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Cathedral of St. Luke, Orlando, describes pastoral response in wake of massacre

Cathedral of St. Luke, Orlando, describes pastoral response in wake of massacre

A pastoral letter to the congregation of the Cathedral of St. Luke in Orlando, Diocese of Central Florida, describes the pastoral care the Cathedral is providing to the victims of the mass shooting at The Pulse last Sunday.

Dear Cathedral Family,

Our hearts break for the victims, and their families and friends, of the horrific shooting that targeted the LGBT community in Orlando this weekend. We grieve with our city, and for our city.

Since early Sunday morning our Cathedral clergy and staff have been actively serving those affected by this violence. Before our 8am service had even begun, Deacon Nancy Oliver was on her way to Orlando Regional Medical Center and the Hampton Inn, to talk and pray with victims’ families, and represent the loving presence of Jesus Christ in the midst of the confusion and chaos that evil always brings.

Both Deacon Michael Matheny and Deacon Nancy Oliver joined Bishop Greg Brewer Monday night at the ecumenical vigil sponsored by Saint James Catholic Cathedral. Currently we pray aloud each victim’s name during daily Eucharist.

We hope by now you have seen the Cathedral’s statement of love, solidarity, and support, posted on our website and social media outlets earlier this week:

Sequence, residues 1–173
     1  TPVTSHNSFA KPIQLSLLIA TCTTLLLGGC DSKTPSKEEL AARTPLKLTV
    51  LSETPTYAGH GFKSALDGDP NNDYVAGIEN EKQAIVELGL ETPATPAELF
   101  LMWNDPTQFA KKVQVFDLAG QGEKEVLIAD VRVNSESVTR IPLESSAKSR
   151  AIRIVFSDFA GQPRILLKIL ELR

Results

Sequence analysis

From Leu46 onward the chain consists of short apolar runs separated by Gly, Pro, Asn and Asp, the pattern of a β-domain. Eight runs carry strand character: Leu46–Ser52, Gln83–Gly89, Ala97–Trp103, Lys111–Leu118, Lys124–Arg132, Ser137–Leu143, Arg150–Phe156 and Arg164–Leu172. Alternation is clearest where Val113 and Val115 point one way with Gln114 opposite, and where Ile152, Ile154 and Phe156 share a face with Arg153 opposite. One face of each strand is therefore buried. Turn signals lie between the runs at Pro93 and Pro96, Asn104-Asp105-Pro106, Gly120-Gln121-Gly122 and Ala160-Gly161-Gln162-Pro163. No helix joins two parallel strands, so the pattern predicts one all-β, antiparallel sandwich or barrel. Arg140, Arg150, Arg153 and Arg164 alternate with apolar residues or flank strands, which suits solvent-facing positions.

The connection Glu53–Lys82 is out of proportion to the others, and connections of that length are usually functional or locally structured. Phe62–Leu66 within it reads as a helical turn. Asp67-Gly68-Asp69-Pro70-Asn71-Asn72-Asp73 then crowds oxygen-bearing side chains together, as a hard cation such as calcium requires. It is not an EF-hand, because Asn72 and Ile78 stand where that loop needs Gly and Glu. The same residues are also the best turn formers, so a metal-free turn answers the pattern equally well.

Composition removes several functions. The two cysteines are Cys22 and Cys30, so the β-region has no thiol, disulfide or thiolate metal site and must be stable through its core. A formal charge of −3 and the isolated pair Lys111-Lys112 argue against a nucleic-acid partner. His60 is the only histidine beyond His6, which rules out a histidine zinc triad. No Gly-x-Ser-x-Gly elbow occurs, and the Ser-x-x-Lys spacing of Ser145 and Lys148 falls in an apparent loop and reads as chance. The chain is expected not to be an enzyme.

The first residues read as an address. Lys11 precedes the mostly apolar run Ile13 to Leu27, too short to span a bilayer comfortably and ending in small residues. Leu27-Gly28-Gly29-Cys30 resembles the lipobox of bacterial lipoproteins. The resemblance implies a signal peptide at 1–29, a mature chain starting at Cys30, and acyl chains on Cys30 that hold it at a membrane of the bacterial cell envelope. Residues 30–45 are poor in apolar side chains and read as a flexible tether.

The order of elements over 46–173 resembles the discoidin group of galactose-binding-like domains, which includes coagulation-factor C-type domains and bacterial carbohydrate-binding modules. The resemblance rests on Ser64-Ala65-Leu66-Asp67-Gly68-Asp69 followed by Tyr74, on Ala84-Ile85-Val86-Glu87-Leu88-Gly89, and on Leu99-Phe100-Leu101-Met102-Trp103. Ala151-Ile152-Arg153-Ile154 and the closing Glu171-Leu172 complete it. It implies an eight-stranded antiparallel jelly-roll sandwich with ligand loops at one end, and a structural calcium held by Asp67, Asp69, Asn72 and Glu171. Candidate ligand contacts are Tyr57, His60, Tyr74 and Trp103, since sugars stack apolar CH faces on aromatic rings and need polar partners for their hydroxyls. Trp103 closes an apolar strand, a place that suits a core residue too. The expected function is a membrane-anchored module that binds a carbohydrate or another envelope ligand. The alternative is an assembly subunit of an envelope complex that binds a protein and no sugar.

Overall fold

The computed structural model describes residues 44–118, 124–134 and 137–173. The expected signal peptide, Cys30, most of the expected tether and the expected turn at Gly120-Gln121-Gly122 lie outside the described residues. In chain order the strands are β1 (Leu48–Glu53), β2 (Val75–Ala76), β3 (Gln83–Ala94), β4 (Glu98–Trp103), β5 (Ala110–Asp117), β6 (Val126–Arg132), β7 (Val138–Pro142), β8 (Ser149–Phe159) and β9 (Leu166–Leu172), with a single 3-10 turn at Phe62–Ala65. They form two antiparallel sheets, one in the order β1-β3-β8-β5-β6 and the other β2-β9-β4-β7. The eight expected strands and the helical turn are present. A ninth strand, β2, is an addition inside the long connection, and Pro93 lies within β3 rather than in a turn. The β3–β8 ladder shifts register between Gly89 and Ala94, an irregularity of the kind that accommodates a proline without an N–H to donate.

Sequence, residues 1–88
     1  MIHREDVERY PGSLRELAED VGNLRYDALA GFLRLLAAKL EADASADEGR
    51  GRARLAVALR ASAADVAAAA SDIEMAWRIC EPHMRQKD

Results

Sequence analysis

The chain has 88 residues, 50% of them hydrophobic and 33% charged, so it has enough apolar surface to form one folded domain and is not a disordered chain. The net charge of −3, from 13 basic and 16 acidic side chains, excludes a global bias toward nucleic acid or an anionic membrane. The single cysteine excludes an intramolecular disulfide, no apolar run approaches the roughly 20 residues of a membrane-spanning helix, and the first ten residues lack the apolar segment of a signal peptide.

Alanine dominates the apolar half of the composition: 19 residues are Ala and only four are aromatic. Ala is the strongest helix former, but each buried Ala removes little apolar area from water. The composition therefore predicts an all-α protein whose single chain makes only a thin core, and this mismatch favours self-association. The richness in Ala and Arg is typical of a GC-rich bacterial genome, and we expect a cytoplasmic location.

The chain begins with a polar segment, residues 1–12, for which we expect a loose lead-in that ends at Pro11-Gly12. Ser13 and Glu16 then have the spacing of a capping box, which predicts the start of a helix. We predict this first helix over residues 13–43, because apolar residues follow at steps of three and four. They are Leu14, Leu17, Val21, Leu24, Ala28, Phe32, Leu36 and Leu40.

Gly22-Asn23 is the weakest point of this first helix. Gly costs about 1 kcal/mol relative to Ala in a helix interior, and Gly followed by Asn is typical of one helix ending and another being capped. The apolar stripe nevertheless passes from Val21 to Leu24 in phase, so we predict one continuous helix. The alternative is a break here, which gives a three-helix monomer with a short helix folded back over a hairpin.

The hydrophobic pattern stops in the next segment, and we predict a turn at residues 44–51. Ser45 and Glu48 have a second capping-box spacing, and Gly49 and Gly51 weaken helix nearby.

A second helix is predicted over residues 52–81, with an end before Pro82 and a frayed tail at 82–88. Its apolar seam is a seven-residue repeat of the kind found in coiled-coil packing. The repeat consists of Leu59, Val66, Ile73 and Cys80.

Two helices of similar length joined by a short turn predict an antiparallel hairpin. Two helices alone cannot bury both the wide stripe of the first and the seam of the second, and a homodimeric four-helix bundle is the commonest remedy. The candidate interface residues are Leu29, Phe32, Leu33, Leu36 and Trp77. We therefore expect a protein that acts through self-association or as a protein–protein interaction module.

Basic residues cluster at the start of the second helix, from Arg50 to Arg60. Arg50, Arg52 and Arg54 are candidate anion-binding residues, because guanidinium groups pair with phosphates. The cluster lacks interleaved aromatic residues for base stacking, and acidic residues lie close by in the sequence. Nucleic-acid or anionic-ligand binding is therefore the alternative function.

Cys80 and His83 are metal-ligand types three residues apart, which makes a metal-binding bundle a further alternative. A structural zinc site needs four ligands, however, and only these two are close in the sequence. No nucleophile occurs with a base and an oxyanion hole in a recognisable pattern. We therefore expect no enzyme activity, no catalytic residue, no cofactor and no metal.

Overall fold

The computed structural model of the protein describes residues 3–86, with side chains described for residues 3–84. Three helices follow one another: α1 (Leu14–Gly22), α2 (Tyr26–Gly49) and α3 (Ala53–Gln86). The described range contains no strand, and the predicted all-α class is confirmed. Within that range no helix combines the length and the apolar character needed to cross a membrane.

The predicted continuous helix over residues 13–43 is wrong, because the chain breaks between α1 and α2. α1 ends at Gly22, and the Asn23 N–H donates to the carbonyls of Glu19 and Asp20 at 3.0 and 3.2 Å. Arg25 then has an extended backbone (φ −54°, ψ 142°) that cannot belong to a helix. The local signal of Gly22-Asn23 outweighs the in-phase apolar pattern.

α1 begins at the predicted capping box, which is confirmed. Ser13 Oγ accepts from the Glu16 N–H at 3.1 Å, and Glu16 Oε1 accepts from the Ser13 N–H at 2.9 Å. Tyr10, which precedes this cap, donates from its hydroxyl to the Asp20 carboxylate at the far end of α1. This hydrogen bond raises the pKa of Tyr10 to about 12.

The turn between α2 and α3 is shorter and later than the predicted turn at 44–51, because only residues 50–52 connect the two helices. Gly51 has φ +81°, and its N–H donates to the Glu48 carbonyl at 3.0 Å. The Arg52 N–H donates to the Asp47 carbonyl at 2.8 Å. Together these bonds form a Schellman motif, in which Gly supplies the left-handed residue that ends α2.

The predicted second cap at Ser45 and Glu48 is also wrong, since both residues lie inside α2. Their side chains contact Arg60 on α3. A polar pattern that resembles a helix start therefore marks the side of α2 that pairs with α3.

We at the Cathedral Church of St. Luke in Orlando, Florida, abhor the hateful violence perpetrated against LGBT persons in our city this past Sunday morning. We stand with the families and friends of the victims, and with the LGBT and Latin communities, praying for them daily, and for the healing of our city.

We want you to know how much we care about every person affected by this terrible event, that we are weeping with them, and that we desire to be a part of the healing journey that surely awaits us all in the coming months.

Our Cathedral will serve in the upcoming days in two specific ways. A funeral for one of the victims, Christopher “Drew” Leinonen, takes place at the Cathedral on Saturday morning at 11am. A vigil, “Prayers for Healing and Hope,” including a message from Bishop Brewer, begins Sunday evening at 6pm. Members of the Orlando Gay Chorus, the Cathedral Choir, and other local choirs are lending their voices and talents to this solemn time of prayer, scripture reading, and singing. Following the service, many of us will join a city-wide candlelight vigil at Lake Eola. Please make every effort to join us with your prayers and presence for these important expressions of worship and solidarity.

We also want you to know that, as a clergy team, we are here for you, care about you, and are praying for you. We love you and are available to talk and pray with you as you process this awful event. In moments like this the darkness of sin seems overwhelming. We encourage you to be honest in your conversations with God, and lift your sadness, doubts, anger, confusion, and grief to the One who knows you and loves you.